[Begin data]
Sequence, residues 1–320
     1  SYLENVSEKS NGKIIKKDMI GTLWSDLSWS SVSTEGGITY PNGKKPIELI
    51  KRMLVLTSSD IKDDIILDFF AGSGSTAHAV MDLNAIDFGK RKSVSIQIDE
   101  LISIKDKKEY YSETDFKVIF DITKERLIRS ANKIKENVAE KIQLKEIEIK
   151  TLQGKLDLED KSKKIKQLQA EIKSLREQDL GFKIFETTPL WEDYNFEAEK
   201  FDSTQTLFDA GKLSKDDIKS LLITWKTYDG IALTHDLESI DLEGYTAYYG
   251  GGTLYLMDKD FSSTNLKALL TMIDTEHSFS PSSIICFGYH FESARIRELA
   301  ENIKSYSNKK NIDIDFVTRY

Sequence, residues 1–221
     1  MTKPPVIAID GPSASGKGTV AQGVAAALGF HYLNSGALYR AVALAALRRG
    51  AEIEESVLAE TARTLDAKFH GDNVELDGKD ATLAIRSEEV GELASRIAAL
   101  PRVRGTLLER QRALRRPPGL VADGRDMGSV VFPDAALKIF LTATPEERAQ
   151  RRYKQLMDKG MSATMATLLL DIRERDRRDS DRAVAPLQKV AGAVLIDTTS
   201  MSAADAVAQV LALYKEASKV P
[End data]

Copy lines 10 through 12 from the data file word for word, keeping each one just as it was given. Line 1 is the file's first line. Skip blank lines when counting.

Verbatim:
     1  MTKPPVIAID GPSASGKGTV AQGVAAALGF HYLNSGALYR AVALAALRRG
    51  AEIEESVLAE TARTLDAKFH GDNVELDGKD ATLAIRSEEV GELASRIAAL
   101  PRVRGTLLER QRALRRPPGL VADGRDMGSV VFPDAALKIF LTATPEERAQ